June 2020 PTG Recap

Clark Boylan cboylan at sapwetik.org
Mon Jun 8 21:13:14 UTC 2020

Hello Everyone,

Last week we both helped host the PTG (with the meetpad service) and attended the event as participants. Now that the event is over I'll try to recap things for us.

On the meetpad side of things we scaled up the Jitsi Video Bridge service from a single instance to five. Based on Cacti data I think this scale up worked well. Unfortunately, it seems that Jitsi Meet is also limited by client side capabilities in addition to the server itself. In particular, having many people in a room with video enabled impacts the performance of that conference in clients. It seems that using Chrome/Chromium, setting your local settings to low bandwidth mode, and simply reducing the number of people using video helps. Overall, I think the service did well considering its recency, and the teams that used it were happy. In general that seemed to be groups with 20 or fewer participants.

Since then we've scaled the Jitsi Video Bridge service down to two instances. This should give us reasonable capacity for non PTG periods of time, while consuming a reasonable set of resources. We may also want to look into running the Jibri service which would enable us to stream a conference. This way only active participants would need to fit into that ~20 person limit and lurkers can view via a live stream.

Our time at the PTG as participants also went well. We had three 2 hour blocks across a range of time zones which enabled us to talk about a variety of subjects. I'll try to call out notable items in this email, but you can find all of the notes we kept at https://etherpad.opendev.org/p/opendev-virtual-ptg-june-2020

We are starting to dig into what is required to upgrade Gerrit now that it is running on containers. We expect we'll upgrade from 2.13 to 2.16 and then sit there for a while. One reason for this is 2.16 is the last version with the existing UI. 3.0 and beyond drop the existing UI in favor of PolyGerrit UI. Since 2.16 has both UIS this gives us the chance to have people transition over to the new UI. Once we are ready to go to 3.0 that should be a trivial upgrade as the only change was removal of the current existing UI.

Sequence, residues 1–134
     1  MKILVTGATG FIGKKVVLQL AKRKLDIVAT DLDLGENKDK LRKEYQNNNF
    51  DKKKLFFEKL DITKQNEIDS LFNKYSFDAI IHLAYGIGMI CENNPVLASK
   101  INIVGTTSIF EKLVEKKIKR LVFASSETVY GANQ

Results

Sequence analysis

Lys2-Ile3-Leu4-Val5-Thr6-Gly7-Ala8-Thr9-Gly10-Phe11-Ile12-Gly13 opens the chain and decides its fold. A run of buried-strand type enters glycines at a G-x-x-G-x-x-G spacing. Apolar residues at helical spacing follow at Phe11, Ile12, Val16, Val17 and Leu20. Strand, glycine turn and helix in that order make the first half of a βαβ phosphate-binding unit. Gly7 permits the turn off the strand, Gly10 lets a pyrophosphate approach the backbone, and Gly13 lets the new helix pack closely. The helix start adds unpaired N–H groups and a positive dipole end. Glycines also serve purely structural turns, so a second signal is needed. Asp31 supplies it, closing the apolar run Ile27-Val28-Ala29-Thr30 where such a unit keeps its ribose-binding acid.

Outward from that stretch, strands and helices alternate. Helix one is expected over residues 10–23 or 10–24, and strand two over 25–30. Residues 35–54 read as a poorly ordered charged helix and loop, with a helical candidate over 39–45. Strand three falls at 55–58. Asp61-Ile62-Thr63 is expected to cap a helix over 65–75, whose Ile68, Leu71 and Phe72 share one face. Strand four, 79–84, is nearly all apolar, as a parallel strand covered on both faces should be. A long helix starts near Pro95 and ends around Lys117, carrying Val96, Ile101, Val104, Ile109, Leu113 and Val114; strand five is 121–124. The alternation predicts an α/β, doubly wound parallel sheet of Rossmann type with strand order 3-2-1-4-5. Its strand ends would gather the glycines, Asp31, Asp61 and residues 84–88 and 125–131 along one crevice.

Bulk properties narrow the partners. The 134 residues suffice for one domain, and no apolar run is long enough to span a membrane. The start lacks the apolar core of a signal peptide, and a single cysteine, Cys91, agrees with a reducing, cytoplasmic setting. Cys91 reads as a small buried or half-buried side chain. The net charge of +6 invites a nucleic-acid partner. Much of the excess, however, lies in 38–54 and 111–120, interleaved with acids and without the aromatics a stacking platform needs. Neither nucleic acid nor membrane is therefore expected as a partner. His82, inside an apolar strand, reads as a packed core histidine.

We do still need to figure out if one large single outage is our best option or if we should upgrade to 2.14, perform online migrations, then upgrade to 2.15, perform online migrations, and finally repeat with an online upgrade to 2.16. To determine which option is best for us we plan to spin up a copy of the production server and try these different options to see how reliable they are and how much time is required to perform each one.

To enable more updates of configuration management from Puppet to Ansible, Monty plans to set up Ansible driven testing of our existing puppetry with testinfra. Using that, we can then replace the Puppet with Ansible and be confident things continue to work with our testinfra tests. Hopefully, this makes it easier for more people to get involved in the configuration management updates.